I WOULD LIKE TO SHARE SOME EXPERIENCES from the years prior to the launch of the Peoples’ Health Movement (PHM) in 2000, especially with those of the younger PHM generation, who should learn more about the prehistory of health activism.
David Sanders and I met in the early 1980s when he was working with David Werner. We had a common history in the human rights and civil rights struggle, David in Africa and I, in the United States and Central America. We were both committed to the Declaration of Alma-Ata and to the concept of comprehensive Primary Health Care (PHC) and capacity-building for community health workers. We were radical activists for Health for All, dreaming and living PHC in societies in transition. In the late 1980s, we were trying to organise a small international meeting of health activists engaged in liberation struggles around the world. Before we could hold the meeting, though, we were pre-empted by the realities of the fall of the Berlin Wall and the overthrow of the Sandinista People’s Revolution in Nicaragua, where I lived and worked.
Towards the end of 1991, we held our meeting of activists from societies in transition, not to our socialist dream, but societies facing neoliberal policies and severe structural adjustment programmes. That international meeting led to the formation of a small network of health activists and academics with a radical position on PHC and Health for All. For ten years, that network, the International Peoples’ Health Council (IPHC), organised and/or took part in international meetings around the world: an IPHC meeting in Palestine in 1993, then in South Africa after apartheid. We shared out particular points of view in the World Health Organisation’s World Health Assembly, at the Copenhagen Social Development Summit, at United Nations (UN) meetings in Cairo and Beijing, as well as at meetings in Malaysia, the Philippines, India and Australia. In the early years of the IPHC, that new little network was able to produce analyses that were useful for organising worldwide.
The book ‘Questioning the solution’, by David Sanders and David Werner, was an important tool for academics and community health workers11 Werner D, Sanders D. Cuestionando la solución: Las políticas de atención primaria de salud y supervivencia infantil. 2000. [acceso en 2019 dec 10]. Disponible en: http://www.healthwrights.org/content/books/CLS/indice.htm.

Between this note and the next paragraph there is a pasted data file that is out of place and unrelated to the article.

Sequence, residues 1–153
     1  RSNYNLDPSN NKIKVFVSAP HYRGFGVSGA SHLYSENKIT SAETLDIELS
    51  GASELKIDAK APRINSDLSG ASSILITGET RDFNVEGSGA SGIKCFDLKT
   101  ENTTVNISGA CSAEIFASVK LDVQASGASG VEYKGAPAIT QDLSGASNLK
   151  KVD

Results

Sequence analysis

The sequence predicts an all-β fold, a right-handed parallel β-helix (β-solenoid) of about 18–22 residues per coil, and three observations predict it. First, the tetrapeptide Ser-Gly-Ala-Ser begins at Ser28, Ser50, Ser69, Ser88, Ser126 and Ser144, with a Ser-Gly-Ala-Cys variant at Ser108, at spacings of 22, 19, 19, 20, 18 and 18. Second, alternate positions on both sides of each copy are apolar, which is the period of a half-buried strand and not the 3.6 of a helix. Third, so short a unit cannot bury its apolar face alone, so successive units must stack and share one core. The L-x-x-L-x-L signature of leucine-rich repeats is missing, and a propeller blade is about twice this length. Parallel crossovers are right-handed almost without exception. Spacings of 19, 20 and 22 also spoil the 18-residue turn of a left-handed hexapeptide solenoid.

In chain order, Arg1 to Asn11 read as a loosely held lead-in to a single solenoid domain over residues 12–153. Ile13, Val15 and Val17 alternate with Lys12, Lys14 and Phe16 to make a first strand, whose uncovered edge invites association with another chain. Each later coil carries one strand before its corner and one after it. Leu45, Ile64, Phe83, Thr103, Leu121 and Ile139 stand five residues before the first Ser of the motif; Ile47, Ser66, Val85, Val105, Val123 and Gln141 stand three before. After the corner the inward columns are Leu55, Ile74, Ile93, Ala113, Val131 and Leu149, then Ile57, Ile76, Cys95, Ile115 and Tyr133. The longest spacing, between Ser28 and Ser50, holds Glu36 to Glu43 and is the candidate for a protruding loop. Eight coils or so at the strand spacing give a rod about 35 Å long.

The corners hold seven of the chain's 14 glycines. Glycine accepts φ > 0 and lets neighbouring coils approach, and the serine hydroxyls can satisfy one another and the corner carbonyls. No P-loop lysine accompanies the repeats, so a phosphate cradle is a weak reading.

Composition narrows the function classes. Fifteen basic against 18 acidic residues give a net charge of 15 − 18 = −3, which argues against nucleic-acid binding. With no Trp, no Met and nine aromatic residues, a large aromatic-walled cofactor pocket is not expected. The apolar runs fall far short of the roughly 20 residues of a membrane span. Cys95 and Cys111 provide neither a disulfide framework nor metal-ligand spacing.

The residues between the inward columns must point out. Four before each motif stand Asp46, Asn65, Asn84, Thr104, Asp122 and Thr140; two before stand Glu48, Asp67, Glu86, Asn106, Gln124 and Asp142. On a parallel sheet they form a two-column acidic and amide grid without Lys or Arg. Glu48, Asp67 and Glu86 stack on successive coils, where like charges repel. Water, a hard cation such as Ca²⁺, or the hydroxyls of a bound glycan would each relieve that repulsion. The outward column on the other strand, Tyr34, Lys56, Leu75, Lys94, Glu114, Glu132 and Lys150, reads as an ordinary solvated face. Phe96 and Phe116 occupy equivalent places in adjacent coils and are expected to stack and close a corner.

http://www.healthwrights.org/content/boo... . The book’s arguments are now study material for public health specialists the world over. David Sanders was never afraid to speak out clearly and emphatically on the structural causes of health problems, the influence of transnationals and especially the medico-pharmaceutical-industrial complex - and he did not mince his words. He argued with conviction that our struggle for health could never stop.
David Werner (who wrote the book ‘Where there is no doctor’) and I joined David Sanders for sessions of the University of Western Cape’s Summer School programmes, holding workshops on the Child-to-Child methodology. It was brilliant managing to get students with diverse origins and experiences to perceive the importance of involving children in health education and promotion. It was a challenge getting our students to the campus, because the university’s insurance policy did not cover children. With David Sanders’ support, we did it though, and things all went off very well. We thanked David for inviting us, and the teachers and students for teaching us so much about South Africa and the struggle for health there. The School of Public Health opened its doors and classrooms to so many people in South Africa who had never had the opportunity to study before. That was one of David Sanders great achievements. There, we saw his commitment not just to health for all, but to the struggle for the human and civil rights of all the many people who passed through the university.
At a meeting in 1997 in Penang (Malaysia), we decided, together with Consumer International and other organisations, to organise a Peoples’ Health Assembly in 2000, to show the world that the Alma Ata promise of Health for All in 2000 had never been kept. To do that, we set up and organised a committee with seven organisations to decide on dates, venues and content for the first assembly. After much discussion, we decided that the assembly would meet at GK (Gonoshastaya Kendra) in Savar, Bangladesh, given its long history of commitment to the Declaration of Alma Ata. The International Peoples’ Health Committee activists took it on themselves to develop wonderful organisational materials to support preparations for the first assembly. From 1997 to December 2000 I worked with David on the first assembly’s central organising committee. I was the only woman and it was no easy task: there were not that many feminist activists in community health at the time and, more importantly, they were not recognised by their male colleagues - that all came later. Even today, there are not enough feminist activists in the health movement. This is a call to all young women to get more involved.
After the first assembly, most of the IPHC’s members became key figures in the new Peoples’ Health Movement that was born there - and with which we continue today. I hope that the activists of today’s public health movement can learn more about David and about our prehistory. Now, it depends on you young activists full of energy to carry through this important work, which is essential to the struggle for health worldwide.
- 1Werner D, Sanders D. Cuestionando la solución: Las políticas de atención primaria de salud y supervivencia infantil. 2000. [acceso en 2019 dec 10]. Disponible en: http://www.healthwrights.org/content/books/CLS/indice.htm
- Publication in this collection
17 Aug 2020
- Date of issue